TALLAHASSEE, Fla. — Setting the stage for an expensive race that could help decide control of the Senate, Republican Gov. Rick Scott announced Monday that he's running to unseat Florida's Democratic Sen. Bill Nelson.

Scott, a friend and ally of President Donald Trump who is being term-limited out of office after eight years as governor, said he's now aiming for the Senate because "career politicians" have created gridlock and dysfunction in the federal government.

"Washington is a disaster," said Scott, who called for congressional term limits during his brief campaign kickoff at an Orlando construction company. "We shouldn't be sending the same kind of people to Washington."

Scott's entry poses a formidable challenge to Nelson, who has not had a serious challenge since winning his first term in 2000. Scott is a multi-millionaire businessman whose popularity has climbed during his final months in office, despite his sometimes rocky relationship with the Republican-controlled Florida Legislature.

"I don't care who is an opponent," Nelson said in Washington. "I always take them seriously, and I run like there's no tomorrow. And I think in this case a lot of the differences between the two of us are going to come out in the course of the campaign, so that's what I'd say at this point."

But Scott's connection to Trump could become a flashpoint in the battleground state.

Trump won Florida in the presidential election two years ago, but President Barack Obama carried the state in the two previous elections. Scott edged out narrow victories in his two runs for governor, both of them amid a backlash to Obama. A Quinnipiac University poll of Florida voters in late February found that Trump had only a 42 percent approval rating.

When asked whether he would ask Trump to campaign for him, Scott told Fox News he has not talked to the president recently about the race. Nelson went on the cable channel as well and immediately dinged the governor.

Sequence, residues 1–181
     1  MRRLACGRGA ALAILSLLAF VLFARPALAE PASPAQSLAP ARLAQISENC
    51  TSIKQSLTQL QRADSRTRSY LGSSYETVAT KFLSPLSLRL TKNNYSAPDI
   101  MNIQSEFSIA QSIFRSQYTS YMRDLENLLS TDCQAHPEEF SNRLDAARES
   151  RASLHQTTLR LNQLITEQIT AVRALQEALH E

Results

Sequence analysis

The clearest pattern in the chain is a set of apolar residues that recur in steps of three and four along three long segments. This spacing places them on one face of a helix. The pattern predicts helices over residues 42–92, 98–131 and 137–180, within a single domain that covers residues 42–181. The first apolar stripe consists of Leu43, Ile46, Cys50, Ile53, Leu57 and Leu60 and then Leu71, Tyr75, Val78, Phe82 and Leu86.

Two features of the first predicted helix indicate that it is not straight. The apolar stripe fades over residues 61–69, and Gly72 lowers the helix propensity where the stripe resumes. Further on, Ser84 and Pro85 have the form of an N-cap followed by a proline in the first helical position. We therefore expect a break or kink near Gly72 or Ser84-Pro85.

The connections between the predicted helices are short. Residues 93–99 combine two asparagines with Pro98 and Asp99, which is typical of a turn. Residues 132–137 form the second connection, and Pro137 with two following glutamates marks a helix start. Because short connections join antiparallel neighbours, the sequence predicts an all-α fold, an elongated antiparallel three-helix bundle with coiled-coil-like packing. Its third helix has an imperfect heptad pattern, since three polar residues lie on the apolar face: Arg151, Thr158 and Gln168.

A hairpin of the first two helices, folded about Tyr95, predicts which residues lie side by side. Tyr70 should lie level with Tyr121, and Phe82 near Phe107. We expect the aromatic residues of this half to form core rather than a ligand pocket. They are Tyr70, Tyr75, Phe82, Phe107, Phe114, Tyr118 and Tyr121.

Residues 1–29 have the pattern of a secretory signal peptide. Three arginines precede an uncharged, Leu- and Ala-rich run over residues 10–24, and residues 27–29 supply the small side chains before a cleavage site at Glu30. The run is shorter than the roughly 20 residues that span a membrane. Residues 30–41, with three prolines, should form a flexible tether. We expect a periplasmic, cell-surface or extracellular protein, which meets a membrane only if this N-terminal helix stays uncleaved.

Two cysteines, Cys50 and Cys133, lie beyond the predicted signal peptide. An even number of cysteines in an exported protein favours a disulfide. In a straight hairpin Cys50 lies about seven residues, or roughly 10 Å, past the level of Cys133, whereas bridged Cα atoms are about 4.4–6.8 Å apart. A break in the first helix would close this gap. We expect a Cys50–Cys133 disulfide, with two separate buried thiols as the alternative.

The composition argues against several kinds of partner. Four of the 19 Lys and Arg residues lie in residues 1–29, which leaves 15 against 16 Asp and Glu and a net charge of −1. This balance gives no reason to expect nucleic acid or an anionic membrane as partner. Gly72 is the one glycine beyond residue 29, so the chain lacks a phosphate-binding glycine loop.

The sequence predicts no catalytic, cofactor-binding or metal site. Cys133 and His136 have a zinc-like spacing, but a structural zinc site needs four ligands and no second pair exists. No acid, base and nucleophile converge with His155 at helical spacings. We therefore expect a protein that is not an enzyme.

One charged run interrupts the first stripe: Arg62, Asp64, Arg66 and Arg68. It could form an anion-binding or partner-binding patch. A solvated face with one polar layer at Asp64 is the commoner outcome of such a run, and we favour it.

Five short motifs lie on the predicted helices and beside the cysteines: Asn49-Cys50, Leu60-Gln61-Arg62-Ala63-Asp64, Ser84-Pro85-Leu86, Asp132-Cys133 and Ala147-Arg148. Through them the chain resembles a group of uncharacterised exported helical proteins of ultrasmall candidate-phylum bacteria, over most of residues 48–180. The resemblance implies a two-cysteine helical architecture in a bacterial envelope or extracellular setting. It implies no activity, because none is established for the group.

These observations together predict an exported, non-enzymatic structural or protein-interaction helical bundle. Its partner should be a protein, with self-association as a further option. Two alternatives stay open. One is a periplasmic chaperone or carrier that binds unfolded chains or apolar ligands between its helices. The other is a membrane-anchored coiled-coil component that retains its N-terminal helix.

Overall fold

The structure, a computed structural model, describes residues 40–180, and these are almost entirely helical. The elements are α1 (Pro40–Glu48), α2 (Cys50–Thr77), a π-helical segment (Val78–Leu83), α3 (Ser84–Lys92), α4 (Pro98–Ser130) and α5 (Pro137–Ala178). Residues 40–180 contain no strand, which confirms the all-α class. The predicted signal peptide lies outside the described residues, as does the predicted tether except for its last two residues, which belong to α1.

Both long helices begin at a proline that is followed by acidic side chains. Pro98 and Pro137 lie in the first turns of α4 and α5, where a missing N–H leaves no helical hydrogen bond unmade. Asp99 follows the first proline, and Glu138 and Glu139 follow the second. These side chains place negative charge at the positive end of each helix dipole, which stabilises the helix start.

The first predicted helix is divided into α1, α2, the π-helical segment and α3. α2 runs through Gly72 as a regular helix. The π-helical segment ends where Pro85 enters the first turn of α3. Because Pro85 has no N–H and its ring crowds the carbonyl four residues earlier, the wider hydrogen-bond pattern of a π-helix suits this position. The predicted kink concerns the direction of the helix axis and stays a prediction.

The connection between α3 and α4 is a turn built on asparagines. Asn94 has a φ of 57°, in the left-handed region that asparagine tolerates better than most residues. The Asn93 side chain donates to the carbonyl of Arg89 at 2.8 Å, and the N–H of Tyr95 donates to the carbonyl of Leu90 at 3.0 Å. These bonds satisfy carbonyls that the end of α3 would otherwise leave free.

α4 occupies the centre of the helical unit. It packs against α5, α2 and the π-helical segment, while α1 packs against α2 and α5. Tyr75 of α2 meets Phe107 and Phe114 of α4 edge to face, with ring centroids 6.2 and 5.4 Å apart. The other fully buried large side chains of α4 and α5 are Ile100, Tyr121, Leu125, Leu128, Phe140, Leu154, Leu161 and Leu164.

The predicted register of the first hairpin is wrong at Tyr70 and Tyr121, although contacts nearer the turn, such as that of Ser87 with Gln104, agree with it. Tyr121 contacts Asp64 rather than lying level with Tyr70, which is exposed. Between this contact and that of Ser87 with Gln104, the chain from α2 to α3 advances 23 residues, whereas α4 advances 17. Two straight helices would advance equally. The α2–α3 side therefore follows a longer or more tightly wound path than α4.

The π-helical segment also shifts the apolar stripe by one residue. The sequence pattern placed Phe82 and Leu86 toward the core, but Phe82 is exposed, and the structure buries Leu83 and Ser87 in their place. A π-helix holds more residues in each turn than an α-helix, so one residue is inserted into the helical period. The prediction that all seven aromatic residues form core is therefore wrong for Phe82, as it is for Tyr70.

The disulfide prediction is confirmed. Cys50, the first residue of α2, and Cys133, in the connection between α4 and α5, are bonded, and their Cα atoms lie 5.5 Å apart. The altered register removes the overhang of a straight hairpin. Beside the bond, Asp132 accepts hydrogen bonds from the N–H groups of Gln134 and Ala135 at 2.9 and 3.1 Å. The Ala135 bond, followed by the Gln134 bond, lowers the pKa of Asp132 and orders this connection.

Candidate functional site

"He's not mentioned Trump at all, he's trying to keep his distance," Nelson said.

Democratic political strategist Steve Schale predicted the race would be close and that Trump's popularity could play a role.

"If those last few points are driven - just as they have been in the last 3 midterms - by voters seeking to use the election to send a message to the president, I think it will be very hard to overcome for Scott."

During his campaign speech, Scott cited the turnaround in Florida's economy during his time in office. The National Republican Senatorial Committee launched a digital ad Monday that goes after Democrats such as Nelson who voted against the tax bill approved by Congress late last year.

Democrats, meanwhile, have been anticipating Scott's campaign for months and have already ramped up their criticism, noting that Scott was forced out as chief executive of Columbia/HCA amid a federal fraud investigation. Although Scott was never charged with any wrongdoing, the health care conglomerate paid a then-record $1.7 billion fine for Medicare fraud.

Democrats also plan to fault Scott over his wealth and his record while governor, including his initial push for deep budget cuts to education and his back-and-forth position on whether to expand Medicaid.

Gun violence is also likely to be a major issue in the campaign.

Scott's record on gun laws earned him an A+ rating from the National Rifle Association before the killings of 17 people at a Florida high school this year. Ultimately, Scott signed Florida's new law raising the age limit to purchase rifles to 21 and creating a new process enabling law-enforcement to seize guns from someone who is considered a danger.

Scott contends Nelson has "done nothing" in the Senate on high-profile issues such as gun violence. Nelson said Scott has not done enough - he wants universal background checks and a ban on certain types of semi-automatic rifles.

Nelson began his political career in the era when Democrats controlled Florida government. He flew on a space shuttle as a member of Congress, and was elected as Florida's insurance commissioner before running for the Senate. His only notable election loss came in 1990 when he lost a Democratic primary for governor.

When Scott first entered politics, he appeared anxious with crowds and was an awkward speaker. Now, he's much more relaxed and self-assured. "I will bust my butt to win this election," he said.